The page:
What Is Ketoacidosis?

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Diabetic ketoacidosis (DKA) is a potentially life-threatening complication of diabetes. It happens when the liver starts breaking down fat at a dangerously fast rate, processing the fat into a fuel called ketones, which causes a diabetic person's blood to become acidic.

Blood sample tube for ketone test


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Causes of Ketoacidosis

Cells need glucose to get the energy they require to function. But when that doesn't happen for people with diabetes and their body doesn't have enough insulin to use glucose, it starts to burn fat for energy, producing chemicals known as ketones. But when ketones accumulate in a person's blood, they make it more acidic—potentially to the point of being toxic and poisoning their body. This is known as ketoacidosis.

A person may experience ketoacidosis for one of the following reasons:

  • They're not getting enough insulin: Perhaps they didn't inject enough insulin, or their body might need more insulin than usual because of illness.
  • They haven't been eating enough food: Prolonged fasting can cause ketoacidosis.
  • They are having an insulin reaction—specifically, low blood glucose 

Ketoacidosis is far more common in people with type 1 diabetes. In fact, ketoacidosis may be the first indication that they have diabetes if they had not already been diagnosed. People with previous diagnoses of type 1 diabetes may experience ketoacidosis as a result of an infection, injury, a serious illness, missing doses of insulin shots, or the stress of surgery.

Though it's possible for someone with type 2 diabetes to develop ketoacidosis, it is less common and typically not as severe as it is in someone with type 1 diabetes. Triggers for ketoacidosis in people with type 2 diabetes include prolonged uncontrolled blood sugar, missing doses of medicines, medications called SGLT-2s, or a severe illness or infection.

Signs and Symptoms of Ketoacidosis

Though ketoacidosis usually develops slowly, once it reaches a certain point—vomiting, specifically—it can become life-threatening in a matter of a few hours. The first warning signs of ketoacidosis include:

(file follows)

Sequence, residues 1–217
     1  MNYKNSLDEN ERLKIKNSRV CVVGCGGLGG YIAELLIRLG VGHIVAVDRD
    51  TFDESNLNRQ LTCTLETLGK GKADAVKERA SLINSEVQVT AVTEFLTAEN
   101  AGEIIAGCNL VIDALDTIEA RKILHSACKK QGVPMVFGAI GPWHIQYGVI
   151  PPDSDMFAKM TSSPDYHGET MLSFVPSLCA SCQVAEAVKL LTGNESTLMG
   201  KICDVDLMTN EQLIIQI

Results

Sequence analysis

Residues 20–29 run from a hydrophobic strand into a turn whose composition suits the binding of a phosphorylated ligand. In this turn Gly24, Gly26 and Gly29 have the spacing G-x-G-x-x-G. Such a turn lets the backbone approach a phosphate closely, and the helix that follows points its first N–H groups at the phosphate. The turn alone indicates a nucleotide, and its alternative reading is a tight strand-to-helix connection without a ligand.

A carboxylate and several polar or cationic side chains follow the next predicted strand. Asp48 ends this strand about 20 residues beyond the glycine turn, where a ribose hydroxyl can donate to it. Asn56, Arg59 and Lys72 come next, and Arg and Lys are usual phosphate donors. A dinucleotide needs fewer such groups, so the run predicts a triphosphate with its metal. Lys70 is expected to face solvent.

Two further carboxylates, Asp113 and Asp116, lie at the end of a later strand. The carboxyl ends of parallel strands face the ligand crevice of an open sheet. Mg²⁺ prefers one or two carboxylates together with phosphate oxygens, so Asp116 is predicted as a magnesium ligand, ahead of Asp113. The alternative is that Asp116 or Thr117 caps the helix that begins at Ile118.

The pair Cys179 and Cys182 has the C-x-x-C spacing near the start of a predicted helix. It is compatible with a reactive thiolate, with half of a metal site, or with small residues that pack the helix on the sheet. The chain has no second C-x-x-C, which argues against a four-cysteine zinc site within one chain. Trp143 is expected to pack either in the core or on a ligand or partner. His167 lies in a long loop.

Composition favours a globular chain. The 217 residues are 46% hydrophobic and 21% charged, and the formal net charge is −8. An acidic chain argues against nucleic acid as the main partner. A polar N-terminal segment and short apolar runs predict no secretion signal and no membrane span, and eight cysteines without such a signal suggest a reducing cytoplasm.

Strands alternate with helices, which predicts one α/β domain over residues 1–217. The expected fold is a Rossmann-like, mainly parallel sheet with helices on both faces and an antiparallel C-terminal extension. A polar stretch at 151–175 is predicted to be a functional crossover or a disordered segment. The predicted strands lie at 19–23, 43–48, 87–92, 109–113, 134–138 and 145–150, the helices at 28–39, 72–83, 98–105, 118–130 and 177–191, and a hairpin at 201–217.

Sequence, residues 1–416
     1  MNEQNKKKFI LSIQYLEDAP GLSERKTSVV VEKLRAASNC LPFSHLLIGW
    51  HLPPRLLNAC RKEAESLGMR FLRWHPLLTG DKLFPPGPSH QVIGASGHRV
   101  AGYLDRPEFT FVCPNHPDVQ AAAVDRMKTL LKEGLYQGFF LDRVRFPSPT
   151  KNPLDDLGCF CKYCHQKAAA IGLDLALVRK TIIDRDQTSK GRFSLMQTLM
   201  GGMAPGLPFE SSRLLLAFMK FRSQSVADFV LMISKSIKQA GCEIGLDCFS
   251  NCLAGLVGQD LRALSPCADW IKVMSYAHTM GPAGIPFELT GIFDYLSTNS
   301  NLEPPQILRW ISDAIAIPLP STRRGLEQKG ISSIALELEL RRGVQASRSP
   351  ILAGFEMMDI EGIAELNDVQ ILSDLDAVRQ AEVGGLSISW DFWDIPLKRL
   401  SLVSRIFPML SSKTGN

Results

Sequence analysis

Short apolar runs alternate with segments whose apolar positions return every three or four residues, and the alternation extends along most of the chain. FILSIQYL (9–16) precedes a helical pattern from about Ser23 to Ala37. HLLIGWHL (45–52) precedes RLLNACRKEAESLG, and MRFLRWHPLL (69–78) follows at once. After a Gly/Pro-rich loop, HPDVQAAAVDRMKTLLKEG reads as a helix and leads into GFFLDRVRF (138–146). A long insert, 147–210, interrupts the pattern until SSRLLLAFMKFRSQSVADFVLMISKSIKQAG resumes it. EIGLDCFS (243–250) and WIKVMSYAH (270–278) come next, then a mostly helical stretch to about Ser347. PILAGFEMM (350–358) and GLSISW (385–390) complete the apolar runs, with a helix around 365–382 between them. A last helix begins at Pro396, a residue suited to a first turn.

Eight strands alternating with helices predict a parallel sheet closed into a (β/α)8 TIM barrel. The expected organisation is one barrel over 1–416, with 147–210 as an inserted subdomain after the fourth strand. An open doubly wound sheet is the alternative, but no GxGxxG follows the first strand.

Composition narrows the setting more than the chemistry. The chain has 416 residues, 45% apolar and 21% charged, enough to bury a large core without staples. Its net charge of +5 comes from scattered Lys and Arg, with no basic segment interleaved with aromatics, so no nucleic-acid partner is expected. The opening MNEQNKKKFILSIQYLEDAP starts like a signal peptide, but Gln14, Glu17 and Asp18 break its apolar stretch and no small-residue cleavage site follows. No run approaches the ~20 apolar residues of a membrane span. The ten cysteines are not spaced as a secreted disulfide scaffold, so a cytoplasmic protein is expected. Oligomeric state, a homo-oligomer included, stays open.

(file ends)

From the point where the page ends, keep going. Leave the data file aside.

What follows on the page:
• Thirst or a very dry mouth
  • Frequent urination
  • High blood glucose (blood sugar) levels
  • High levels of ketones in the urine

Gradually, other symptoms will appear, and may include:

  • Constantly feeling tired
  • Dry or flushed skin
  • Nausea, vomiting, or abdominal pain
  • Difficulty breathing (including deep, rapid breathing)
  • Fruity odor on breath
  • A hard time paying attention, or confusion
  • Decreased alertness
  • Dehydration
  • Headache
  • Muscle stiffness or aches

There are also certain complications that can arise following ketoacidosis, including health problems like:

  • Cerebral edema (fluid buildup in the brain)
  • Cardiac arrest (when the heart stops working)
  • Kidney failure

Ketoacidosis Diagnosis

If someone without a type 1 diabetes diagnosis is experiencing the symptoms of ketoacidosis, their doctor will likely run a ketone test. More often than not, it's a urine test, but if that comes back positive, it is usually followed by a blood test to measure a specific ketone called beta-hydroxybutyrate in the blood.

For those already diagnosed with diabetes, there are several other ways to test for ketoacidosis, including:

  • Arterial blood gas tests
  • Basic metabolic panel, (a group of blood tests that measure a person's sodium and potassium levels, kidney function, and other chemicals and functions, including the anion gap)
  • Blood glucose test
  • Blood pressure measurement
  • Osmolality blood test

Ketoacidosis Treatment

Anytime someone with diabetes has symptoms of ketoacidosis, it's important that they seek medical attention as soon as possible. Ketoacidosis typically requires treatment in the ICU and involves:

  • Correcting a person's high blood sugar level with insulin
  • Replacing fluids lost through urination, loss of appetite, and vomiting 
  • Normalizing electrolyte levels

From there, doctors will attempt to determine what caused ketoacidosis in the patient, like some type of an infection. In most cases, a person will respond to treatments for ketoacidosis within 24 hours.

Ketoacidosis Prevention

People with diabetes can help prevent ketoacidosis with a few precautions, including:

  • Taking medications as prescribed
  • Monitoring blood sugar closely, especially when otherwise ill
  • Keeping a balanced diet with regularly scheduled meals
  • Staying well-hydrated
  • Exercising regularly
  • Calling the doctor after noticing symptoms of DKA, and/or when their blood sugar is persistently elevated (above 300), despite correct use of insulin.

A Word From Verywell

Those who have been diagnosed with diabetes are probably used to checking their glucose levels and ketones and have the equipment needed to perform these tests at home. But symptoms of ketoacidosis are frequently used to diagnose diabetes in people without a personal history of the condition. So while it's crucial for people with diabetes to keep an eye on the signs and symptoms of ketoacidosis, it's also important for everyone else to be familiar with them as well.

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  1. MedlinePlus. Diabetic ketoacidosis. Updated December 3, 2020.

  2. American Diabetes Association. DKA (ketoacidosis) & ketones.

  3. The Cleveland Clinic. Diabetes: Preventing complications. Updated March 29, 2017.